- Four GMO policies or government statements, two from the U.S. and the EU each, were analyzed to assess the position of each region in GMO safety:
1. The Genetically Engineered Food Right-to-Know Act (U.S.)
>Bill submitted to U.S. House of Representatives on April 24, 2013, sponsored by Oregon Representative Peter DeFazio
>Not a current policy but advocates regulations similar to those of the EU.
2. The FDA’s Role in Regulating Safety of GE Foods (U.S.)
>Outlines the FDA's current attitudes and practices towards regulation of GMO crop, especially labeling and safety assessment
3. Directive 2001/18/EC (EU)
>Sets standards on the distribution and regulation of GMOs in the European Union such as the power of individual Member States in the process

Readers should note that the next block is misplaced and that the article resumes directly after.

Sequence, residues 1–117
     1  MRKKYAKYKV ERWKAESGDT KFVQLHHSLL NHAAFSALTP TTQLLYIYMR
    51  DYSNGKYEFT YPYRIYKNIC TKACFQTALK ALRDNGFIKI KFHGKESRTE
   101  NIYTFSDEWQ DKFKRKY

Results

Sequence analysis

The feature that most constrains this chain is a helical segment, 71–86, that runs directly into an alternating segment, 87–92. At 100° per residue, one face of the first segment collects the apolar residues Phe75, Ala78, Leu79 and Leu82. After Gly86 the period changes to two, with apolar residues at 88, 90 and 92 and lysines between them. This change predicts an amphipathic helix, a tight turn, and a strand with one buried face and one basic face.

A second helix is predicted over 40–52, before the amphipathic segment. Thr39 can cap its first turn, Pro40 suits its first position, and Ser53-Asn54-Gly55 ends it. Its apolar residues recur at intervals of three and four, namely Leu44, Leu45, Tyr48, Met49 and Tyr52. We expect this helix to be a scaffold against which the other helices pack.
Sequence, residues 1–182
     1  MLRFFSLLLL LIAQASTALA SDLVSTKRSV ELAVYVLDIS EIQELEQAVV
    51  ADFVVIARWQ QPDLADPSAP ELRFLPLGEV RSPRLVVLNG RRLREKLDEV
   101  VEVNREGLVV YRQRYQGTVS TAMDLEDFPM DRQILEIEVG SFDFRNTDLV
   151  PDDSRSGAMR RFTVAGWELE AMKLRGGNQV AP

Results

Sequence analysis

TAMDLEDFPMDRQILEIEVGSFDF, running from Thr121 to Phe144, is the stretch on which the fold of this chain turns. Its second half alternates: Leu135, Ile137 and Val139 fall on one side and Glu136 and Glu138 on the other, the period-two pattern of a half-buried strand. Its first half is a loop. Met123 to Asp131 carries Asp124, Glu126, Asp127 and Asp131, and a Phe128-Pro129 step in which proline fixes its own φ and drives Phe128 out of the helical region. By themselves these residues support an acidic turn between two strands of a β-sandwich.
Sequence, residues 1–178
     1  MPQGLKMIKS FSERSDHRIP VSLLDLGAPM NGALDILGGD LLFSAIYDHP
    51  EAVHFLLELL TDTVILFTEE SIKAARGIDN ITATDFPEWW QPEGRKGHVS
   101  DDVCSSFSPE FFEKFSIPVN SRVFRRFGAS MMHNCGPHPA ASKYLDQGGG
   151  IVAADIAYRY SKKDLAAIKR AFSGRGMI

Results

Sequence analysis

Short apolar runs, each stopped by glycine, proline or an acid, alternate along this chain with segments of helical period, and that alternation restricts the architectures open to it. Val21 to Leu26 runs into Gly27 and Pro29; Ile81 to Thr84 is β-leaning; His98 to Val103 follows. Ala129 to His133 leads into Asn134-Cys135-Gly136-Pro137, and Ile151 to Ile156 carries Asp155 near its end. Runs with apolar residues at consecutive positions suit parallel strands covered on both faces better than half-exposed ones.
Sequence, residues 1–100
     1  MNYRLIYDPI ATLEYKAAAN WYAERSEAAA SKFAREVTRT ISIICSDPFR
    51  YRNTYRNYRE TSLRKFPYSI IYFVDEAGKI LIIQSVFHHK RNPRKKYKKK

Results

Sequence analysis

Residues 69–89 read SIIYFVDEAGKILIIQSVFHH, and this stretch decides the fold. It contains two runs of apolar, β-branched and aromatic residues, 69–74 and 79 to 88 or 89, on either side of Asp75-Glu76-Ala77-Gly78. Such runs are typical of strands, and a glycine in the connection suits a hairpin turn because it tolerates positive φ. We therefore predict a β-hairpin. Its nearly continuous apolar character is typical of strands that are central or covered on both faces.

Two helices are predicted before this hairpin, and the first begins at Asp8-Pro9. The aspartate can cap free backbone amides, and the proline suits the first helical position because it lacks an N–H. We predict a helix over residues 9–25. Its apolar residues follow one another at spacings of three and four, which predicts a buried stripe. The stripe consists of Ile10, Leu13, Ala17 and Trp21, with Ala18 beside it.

4. Regulation 1139/98 (EU)
>Focuses on mandates on the labeling of GMO products and sets standards for the information that must be included in the labels
The data obtained from the 4 policies analyzed, The Genetically Engineered Food Right-to-Know Act and The FDA’s Role in Regulating Safety of GE Foods of the U.S., and Directive 2001/18/EC and Regulation 1139/98 of the EU, apply to the thesis of this project in that the latter two represent the extensive amount of regulation that the EU has officially enforced throughout its Member States such as the mandatory labeling of GMOs and policies promoting the scientific basis of GMO policies. In contrast, the U.S. currently has minimal federal regulation that could promote uniformity of handling of GMOs. For instance, although The Food, Drug, and Cosmetic Act (FDCA) is the primary law governing the responsibilities and actions of The U.S. Food and Drug Administration, the main governing body of GMOs, but it only briefly addresses GM foods.